Gifted education programs, like the one in our district (LEAP), give students who are fast learners the opportunity to be challenged. But these programs can become competitive and inequitable, and so policies have been changing in the last few years.
“When we identify children only on test scores, we pick up certain kids very consistently, and we miss kids very consistently. So the changes that I made in that program were around using a holistic identification process,” Katheryn Kennedy said.
Holistic identification process is a phrase that has been used a lot in the CHCCS gifted education plan for the 2019-2020 school year. I spoke to Katheryn Kennedy, the new director of gifted education in the district, about what this means.
“We use top 10% data of every student group; we run a universal screening, so all students take the test in third grade, with an opt-out instead of an opt-in option.”
By making it so that everyone takes the test, Kennedy hopes to overcome some of the implicit bias that often surrounds who teachers choose to take the test. This used to be by recommendation only, which tended to benefit students with wealthier or more educated parents.
“In the past, I would often say, yes, LEAP did benefit certain students over others. Especially when kids take an above-grade-level achievement test. How would they have access to math, for instance, above grade level, unless someone provided that exposure?” a former LEAP teacher who chose to remain anonymous said, when asked about this.
Before 2019 students could get into LEAP in one way: testing. This testing relied on students knowing how to take tests, knowing information they may never have been taught at school before, in addition to being recommended by a teacher.
“In third grade it was standard, and then I took the test and was put into LEAP, so I kind of just missed fourth grade math and science; there was no transition,” Ian Lim, a former LEAP student, said.
Missing information in some content areas is an issue for many former gifted students. Children who are highly advanced in reading are often overlooked, so Kennedy hopes to change this through the aforementioned holistic process.
“We look at the COGAT, and we change how we look at those scores, because we were disproportionately advertising students who were really solid in visual spatial and numeric problem solving, which tends to kick in a little sooner for boys. Girls tend to come into their verbal strength a little earlier, and boys tend to get their vial special earlier.” That being said, there is still not an advanced reading class in most of the middle schools.
Racial demographics have changed in the gifted program to more closely represent the demographics of the district as a whole. “The students who are placed in LEAP in fourth and fifth grade, since this shift, fairly closely mirror the district demographics, so about 10-12% African American, about 14% asian, about 47% white, about 14% multiracial,” Kennedy said.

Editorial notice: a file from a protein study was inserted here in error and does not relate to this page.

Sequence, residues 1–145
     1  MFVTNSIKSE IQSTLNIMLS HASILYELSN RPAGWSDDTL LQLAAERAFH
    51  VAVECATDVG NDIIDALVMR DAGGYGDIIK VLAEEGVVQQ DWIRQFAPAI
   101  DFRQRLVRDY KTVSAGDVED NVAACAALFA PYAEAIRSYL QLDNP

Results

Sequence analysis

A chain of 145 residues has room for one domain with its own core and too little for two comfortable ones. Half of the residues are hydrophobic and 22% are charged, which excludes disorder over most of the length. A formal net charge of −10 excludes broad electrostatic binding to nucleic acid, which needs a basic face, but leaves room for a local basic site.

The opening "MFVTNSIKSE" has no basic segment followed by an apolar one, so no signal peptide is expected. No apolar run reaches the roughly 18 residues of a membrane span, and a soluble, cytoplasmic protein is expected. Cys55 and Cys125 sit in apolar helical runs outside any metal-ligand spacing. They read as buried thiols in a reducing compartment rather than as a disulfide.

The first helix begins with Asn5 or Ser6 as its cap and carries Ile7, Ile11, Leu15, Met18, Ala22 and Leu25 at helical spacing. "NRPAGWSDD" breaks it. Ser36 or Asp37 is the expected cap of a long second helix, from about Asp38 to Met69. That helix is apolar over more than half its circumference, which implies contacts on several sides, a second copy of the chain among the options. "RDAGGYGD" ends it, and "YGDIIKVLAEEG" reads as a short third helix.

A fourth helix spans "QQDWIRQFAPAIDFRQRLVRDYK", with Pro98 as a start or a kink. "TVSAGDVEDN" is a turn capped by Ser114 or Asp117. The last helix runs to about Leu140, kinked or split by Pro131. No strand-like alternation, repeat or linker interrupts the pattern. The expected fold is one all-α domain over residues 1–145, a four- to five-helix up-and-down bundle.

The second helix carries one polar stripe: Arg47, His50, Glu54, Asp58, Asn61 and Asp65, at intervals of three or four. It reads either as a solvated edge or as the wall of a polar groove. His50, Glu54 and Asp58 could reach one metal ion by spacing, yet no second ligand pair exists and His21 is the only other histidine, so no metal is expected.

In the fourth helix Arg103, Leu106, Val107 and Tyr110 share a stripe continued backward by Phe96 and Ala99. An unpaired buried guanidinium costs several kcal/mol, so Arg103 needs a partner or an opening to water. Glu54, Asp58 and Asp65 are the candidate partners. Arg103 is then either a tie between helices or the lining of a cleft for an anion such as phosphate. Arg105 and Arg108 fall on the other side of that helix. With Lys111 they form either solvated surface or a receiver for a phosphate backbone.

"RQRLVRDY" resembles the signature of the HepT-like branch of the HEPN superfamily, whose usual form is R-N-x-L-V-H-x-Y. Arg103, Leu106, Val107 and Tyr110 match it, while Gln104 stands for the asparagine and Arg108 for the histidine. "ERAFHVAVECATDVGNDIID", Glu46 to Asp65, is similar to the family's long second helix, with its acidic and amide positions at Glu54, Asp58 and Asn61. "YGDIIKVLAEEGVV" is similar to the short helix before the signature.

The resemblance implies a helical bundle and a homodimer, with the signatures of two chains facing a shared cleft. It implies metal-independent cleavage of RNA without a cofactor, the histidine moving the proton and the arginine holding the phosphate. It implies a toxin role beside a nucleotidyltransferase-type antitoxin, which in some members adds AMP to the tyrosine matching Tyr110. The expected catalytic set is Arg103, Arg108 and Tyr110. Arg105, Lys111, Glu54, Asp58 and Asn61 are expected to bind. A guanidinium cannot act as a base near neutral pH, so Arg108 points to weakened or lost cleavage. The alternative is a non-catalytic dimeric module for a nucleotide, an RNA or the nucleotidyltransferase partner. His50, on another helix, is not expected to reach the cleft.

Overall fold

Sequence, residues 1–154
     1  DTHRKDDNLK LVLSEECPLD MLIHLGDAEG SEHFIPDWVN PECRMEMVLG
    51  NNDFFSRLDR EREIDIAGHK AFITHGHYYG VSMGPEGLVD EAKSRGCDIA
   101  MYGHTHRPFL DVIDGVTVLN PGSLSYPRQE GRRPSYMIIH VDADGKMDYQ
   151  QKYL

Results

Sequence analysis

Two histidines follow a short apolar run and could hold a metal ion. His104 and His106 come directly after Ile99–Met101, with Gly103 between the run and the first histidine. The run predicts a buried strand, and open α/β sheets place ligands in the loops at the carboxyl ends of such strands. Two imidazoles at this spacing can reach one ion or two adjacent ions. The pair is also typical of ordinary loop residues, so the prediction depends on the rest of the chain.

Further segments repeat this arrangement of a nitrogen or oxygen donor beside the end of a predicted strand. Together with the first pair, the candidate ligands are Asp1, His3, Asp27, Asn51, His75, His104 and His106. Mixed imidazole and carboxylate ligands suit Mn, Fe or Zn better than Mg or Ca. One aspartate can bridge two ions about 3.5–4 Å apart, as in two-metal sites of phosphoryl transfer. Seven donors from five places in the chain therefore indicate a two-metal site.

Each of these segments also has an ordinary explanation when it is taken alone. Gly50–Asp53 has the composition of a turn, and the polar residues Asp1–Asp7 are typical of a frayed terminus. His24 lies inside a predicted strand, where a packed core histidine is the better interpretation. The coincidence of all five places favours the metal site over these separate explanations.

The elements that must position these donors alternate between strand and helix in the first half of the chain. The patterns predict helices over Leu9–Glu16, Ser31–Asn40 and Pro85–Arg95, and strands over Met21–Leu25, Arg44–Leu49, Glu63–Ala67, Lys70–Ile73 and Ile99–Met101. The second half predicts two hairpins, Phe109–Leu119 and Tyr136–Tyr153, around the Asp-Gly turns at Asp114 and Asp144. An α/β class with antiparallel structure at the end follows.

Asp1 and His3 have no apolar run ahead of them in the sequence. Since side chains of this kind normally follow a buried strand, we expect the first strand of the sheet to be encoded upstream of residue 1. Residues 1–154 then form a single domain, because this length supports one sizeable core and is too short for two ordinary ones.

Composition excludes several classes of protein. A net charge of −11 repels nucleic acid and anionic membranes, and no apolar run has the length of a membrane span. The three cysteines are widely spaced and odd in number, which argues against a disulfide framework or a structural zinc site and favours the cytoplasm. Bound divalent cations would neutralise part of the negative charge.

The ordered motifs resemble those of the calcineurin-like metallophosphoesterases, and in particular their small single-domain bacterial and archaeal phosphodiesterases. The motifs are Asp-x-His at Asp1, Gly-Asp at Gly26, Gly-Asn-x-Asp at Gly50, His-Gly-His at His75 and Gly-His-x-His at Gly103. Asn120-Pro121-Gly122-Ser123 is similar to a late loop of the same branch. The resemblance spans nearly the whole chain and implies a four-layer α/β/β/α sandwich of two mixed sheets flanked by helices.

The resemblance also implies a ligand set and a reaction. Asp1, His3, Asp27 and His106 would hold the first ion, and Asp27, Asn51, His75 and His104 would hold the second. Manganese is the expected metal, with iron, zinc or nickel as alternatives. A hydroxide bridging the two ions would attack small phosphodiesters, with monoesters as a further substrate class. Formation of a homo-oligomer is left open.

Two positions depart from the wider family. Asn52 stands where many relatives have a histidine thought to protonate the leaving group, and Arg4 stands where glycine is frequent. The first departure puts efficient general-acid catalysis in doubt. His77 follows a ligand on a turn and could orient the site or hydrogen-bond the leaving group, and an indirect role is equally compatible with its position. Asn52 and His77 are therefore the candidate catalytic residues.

Another change is identification based upon leadership abilities. “We then also use a holistic, multi-disciplinary team, that’s made up of classroom teachers, administrators, an equity coach, art music, PE… You could be an absolute leader in Physical education, but that might not show up in your test scores. You might be the kids who everybody looks to to set up the rules of the game—that’s a form of leadership. So we have this holistic approach [looking] at all the different ways that children show their strengths.”
But in terms of measuring leadership, it still leaves out students who might be shy, and yet academically advanced, something that is very common amongst girls. “Oftentimes boys act out, they become disruptive, whereas girls go inward and shut down, because of the way we’re socialized,” Kennedy said.
“Some students really need this program. They learn very fast, often not needing much repetition – they get it the first time. They need to move at a faster pace than the average classroom and LEAP is set up for that. If the student needs 6th grade math in the fourth grade, they can access that in LEAP. They also need to go “deeper” into subjects and again, the program allows for that. Socially and emotionally, it often benefits students to be with others who might have similar abilities or interests,” the anonymous former LEAP teacher said.
Treating academically “gifted” students differently in more than just difficulty of coursework can lead to students having difficulty with “Growth Mindset,” or the idea that intelligence is not fixed. If students are told that they are smart from a very young age, and it is presented as a fact of life, and do not understand how to improve.
Many students who are academically advanced work at a faster pace than others and would not be challenged in standard classrooms, thus stunting their problem solving abilities. “They should have just treated it like a normal classroom and assigned work that was just a little higher than standard. Because if they had just treated us like normal kids then no one would have gotten into that competitive nature and gotten that complex,” Lim said.